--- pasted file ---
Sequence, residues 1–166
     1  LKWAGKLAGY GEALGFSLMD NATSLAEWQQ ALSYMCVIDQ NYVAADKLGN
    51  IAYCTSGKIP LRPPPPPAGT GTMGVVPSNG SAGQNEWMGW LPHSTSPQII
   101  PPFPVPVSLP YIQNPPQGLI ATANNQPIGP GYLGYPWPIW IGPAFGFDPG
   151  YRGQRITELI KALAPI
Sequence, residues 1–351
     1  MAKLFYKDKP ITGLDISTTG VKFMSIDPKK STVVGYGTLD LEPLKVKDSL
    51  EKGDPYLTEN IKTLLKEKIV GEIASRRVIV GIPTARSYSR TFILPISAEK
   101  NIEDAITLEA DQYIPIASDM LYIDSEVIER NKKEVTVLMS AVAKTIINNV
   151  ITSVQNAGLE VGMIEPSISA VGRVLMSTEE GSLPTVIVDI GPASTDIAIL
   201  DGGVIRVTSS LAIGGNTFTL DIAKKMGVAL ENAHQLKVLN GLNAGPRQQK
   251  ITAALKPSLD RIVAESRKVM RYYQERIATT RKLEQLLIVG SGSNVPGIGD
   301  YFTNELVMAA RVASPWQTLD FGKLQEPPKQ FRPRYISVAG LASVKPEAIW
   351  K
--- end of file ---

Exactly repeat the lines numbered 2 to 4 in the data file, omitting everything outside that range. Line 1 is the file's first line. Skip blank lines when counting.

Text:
     1  LKWAGKLAGY GEALGFSLMD NATSLAEWQQ ALSYMCVIDQ NYVAADKLGN
    51  IAYCTSGKIP LRPPPPPAGT GTMGVVPSNG SAGQNEWMGW LPHSTSPQII
   101  PPFPVPVSLP YIQNPPQGLI ATANNQPIGP GYLGYPWPIW IGPAFGFDPG